Which Measure of Abdominal Adiposity Best Relates with Body Mass Index Among Older Bengalee Hindus of Kolkata, India? A Comparison of Three Measures
A cross-sectional study of 410 (210 men and 200 women) older (≥55 years) Bengalee Hindus of Kolkata, India, was undertaken to determine which measure of abdominal adiposity best relates with body mass index (BMI), an indicator of overall adiposity. Three measures of abdominal adiposity were studied: waist circumference (WC), waist–hip ratio (WHR), and conicity index (CI). Results revealed that, in both sexes, WC had the strongest partial (age controlled) correlations with BMI (men = 0.56, women = 0.80). Linear regression analyses demonstrated that BMI had the strongest significant impact on WC in both sexes. BMI alone accounted for 28.2 and 61.8% variation in WC in men and women, respectively. This strongest significant impact remained even after controlling for age. In conclusion, this study provides strong evidence that WC can be preferred over WHR and CI in studies dealing with BMI among older Bengalee Hindus. In particular, BMI and WC can be useful in studies dealing with aging and anthropometric characteristics among older Bengalees.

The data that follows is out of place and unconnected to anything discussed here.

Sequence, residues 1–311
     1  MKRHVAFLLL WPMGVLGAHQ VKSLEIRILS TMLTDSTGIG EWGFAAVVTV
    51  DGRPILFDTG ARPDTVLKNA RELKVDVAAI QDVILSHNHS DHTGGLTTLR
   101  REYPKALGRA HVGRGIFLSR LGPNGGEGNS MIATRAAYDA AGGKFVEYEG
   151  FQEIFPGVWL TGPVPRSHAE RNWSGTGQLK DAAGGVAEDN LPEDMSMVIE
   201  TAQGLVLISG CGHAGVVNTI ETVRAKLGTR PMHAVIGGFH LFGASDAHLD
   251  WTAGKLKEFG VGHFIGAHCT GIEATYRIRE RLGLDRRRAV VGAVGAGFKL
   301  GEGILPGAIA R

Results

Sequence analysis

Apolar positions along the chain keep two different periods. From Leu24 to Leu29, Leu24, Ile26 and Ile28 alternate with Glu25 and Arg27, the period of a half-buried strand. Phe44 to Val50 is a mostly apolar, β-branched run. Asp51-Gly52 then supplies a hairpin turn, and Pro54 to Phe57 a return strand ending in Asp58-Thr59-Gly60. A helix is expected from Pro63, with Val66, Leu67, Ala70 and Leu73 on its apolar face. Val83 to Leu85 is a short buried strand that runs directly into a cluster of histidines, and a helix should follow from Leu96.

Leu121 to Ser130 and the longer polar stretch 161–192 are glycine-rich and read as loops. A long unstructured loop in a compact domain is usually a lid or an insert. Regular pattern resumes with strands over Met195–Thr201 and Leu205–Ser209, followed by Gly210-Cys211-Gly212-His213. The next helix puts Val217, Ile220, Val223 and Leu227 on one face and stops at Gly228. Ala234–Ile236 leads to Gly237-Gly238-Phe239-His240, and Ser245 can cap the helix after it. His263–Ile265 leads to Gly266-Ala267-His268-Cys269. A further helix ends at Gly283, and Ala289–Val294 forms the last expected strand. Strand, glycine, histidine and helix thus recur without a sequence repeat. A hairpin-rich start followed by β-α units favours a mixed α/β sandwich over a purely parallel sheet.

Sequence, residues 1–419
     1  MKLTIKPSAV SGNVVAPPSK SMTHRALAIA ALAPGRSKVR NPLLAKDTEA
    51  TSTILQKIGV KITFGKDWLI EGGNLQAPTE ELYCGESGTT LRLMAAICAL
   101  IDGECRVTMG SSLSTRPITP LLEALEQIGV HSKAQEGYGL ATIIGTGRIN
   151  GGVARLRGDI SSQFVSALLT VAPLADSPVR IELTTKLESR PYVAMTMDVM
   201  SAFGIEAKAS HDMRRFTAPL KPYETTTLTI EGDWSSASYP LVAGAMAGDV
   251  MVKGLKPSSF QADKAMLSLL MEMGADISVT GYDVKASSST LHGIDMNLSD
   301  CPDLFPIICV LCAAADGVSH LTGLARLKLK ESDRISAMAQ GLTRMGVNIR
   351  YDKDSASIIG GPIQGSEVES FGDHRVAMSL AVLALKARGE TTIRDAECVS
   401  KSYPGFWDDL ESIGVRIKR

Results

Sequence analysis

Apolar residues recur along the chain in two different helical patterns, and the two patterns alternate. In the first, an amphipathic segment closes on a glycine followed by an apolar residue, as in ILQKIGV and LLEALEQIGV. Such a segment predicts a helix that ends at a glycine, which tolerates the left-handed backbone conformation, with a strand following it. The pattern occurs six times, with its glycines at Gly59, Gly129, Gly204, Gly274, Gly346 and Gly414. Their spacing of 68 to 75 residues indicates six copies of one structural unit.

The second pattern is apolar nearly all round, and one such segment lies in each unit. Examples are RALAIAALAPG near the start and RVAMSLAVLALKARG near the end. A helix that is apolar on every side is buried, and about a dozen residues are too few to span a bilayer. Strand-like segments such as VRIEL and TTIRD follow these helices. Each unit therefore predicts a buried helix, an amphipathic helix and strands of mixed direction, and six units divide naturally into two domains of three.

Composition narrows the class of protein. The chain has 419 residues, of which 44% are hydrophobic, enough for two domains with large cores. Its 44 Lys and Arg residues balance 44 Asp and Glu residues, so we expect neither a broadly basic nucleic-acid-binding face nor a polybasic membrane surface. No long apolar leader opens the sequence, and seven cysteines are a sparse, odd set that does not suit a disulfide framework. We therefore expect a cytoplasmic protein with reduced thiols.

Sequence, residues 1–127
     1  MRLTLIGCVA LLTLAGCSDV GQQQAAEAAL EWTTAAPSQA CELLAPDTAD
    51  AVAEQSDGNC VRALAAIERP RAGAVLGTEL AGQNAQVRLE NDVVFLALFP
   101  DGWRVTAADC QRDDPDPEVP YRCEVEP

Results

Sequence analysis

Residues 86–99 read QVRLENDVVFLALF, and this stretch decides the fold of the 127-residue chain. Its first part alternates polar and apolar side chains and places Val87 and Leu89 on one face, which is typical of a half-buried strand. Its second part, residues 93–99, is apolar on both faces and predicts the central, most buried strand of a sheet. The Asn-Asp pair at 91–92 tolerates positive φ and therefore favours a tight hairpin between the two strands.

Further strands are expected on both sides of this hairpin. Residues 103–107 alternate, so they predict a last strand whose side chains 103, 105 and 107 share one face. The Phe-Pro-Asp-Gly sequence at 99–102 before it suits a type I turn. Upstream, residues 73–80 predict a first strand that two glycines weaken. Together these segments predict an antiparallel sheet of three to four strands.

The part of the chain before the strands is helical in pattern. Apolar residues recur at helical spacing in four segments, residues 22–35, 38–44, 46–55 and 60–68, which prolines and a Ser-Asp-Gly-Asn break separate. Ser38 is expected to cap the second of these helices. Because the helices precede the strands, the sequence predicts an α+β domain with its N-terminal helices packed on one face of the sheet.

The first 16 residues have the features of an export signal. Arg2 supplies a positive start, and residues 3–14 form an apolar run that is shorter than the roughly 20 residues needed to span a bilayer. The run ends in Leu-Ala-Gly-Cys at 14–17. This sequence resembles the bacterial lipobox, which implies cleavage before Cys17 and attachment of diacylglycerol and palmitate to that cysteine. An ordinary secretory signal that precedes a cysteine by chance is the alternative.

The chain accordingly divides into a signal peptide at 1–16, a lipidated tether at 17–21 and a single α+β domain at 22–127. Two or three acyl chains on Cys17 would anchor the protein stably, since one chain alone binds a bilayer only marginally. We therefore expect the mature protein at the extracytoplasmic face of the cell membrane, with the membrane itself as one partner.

KeywordsWaist circumference Waist–hip ratio Conicity index Body mass index
All subjects who participated in this study are gratefully acknowledged.
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